What makes it special? Some people find shu pu’er to be more mild and balanced in terms of energy and caffeine. Perhaps this is because shu pu’er is ready to drink – already crafted for ideal taste profile without having to wait an extra decade. Shu Pu’er flavor profiles often have lots of sweet dessert-like notes of chocolate, caramel, etc.
Wang Yanxin’s new shu pu’er collection is enormous. Where to begin?
Roughly, I’d map out shu pu’er territory into some big flavor “kingdoms.” There is the cooling foresty shu pu’er, the fruity bright shu pu’er and the more savory and sweet shu pu’er. The best way to start exploring the collection is to think about what kinds of flavors really call to and how you like to enjoy your shu pu’er
The cooling foresty shu pu’ers are texturally rich, spiced, and meant for sipping to get rejuvenated for a new day in the morning or for social tasting due to their complexity.
The brighter fruitier shu can be refreshing, juicy and almost sparkling. It feels well suited to early afternoon, and performs equally well in a mug as it does in a gaiwan.
The sweet and savory shu pu’ers are all about smooth rich soft texture, and exemplify shu pu’er tea’s use as a comforting tea in the evening or any time you want to “reset.” These teas tend to be very bud-focused for the texture and thickness that buds bring to a blend.
Top three picks for unbridled cooling, foresty goodness:
How often do you get a chance to pick up 90’s pu’er? Wang Yanxin was generous to share this one with us, and the age brings not only deep incense, cedar and cooling eucalyptus to the cup, but also subtle floral complexity. There are only a few left, so if this one is gone by the time you get to it…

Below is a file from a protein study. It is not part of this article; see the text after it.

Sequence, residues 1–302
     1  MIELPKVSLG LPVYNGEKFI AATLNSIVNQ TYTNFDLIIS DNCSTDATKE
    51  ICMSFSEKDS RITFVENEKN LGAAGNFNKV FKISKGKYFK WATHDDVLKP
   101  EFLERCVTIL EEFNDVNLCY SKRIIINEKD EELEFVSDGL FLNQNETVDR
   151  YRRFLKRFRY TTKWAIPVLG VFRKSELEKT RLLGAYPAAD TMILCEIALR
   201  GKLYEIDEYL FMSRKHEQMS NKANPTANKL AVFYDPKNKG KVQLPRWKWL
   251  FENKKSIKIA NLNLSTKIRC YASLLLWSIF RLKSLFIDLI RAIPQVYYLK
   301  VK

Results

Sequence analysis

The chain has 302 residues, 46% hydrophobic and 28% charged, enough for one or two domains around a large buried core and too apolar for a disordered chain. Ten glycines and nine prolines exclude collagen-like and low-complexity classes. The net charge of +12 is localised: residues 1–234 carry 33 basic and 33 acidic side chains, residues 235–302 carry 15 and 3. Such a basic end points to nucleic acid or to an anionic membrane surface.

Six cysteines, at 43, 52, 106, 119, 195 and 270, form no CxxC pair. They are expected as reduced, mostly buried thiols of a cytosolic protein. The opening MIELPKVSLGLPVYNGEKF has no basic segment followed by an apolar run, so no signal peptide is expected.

This takes the best of cooling camphory goodness and pairs it with a savory sticky rice undertone. With well over a decade of age, this has come into its prime as a real complex and thrilling tea to taste when you have time to enjoy everything it has to offer.
Here’s a chance to get into pu’er collecting without having to commit to a huge quantity of tea. The 2006 Dali Nanjiang Shu is full of cooling minerality, foresty pine, and that sweet sticky rice undertone. You really can’t go wrong
Top two picks for bright, fruity, refreshing pu’er:
Tiandiren is well known for their sweet elderberry profile that comes from their careful blending of big leaf material with buds. This cake is packed full of elderberry and raisin, but stays light and refreshing from a mineral sparkle, all with a brown sugar aftertaste.
Now here’s an interesting cross-category tea. This cake has the brightness and focus of a fruity shu but with the smoldering spice and texture of a dark aged foresty shu. The best of both worlds!
Top three picks for sweet soothing brews:
Caramel, vanilla and cinnamon – classic dessrt pu’er at its best. You just can’t go wrong with this beautiful blend, all in a more approachable 250g size.
This tea goes for balance above all else, making it well suited as a relaxing, comforting brew. It has the savory sweet goodness of semolina, but tempers it with light cooling notes, fruity blackberry, and aromatic rosewood. If you want a tea that checks every box, this is the one!
You’ve got to love the enormous format. You’ll certainly impress guests when you pull out a full kilo brick when it is time to serve tea. This blend from Yongming is packed with sweet cinnamon and nutmeg spice, and sweet barley – well balanced for a soothing brew.
This should be some good direction on where to start with Wang Yanxin’s 2019 collection!
Want even more in-depth brew-by-brew notes? Join our Daily Deal Tasting Journal mailing list for focused tastings and deep discounts every few days. We’ve been tasting through Wang Yanxin’s collection over the last few weeks, and you can look forward to in-depth and more informal behind-the-scenes tasting journals of teas (new and old!) from each of our partners’ collection.
Wondering what the next step should be in your pu’er journey?
Taste Qianjiazhai Pu’er! Wild-foraged by the Dongsa Cooperative in one of the oldest most remote tea forests in the world, their tea is absolutely singular, from deep rich shu to sweet incense-spiced sheng.
Thanks so much for reading!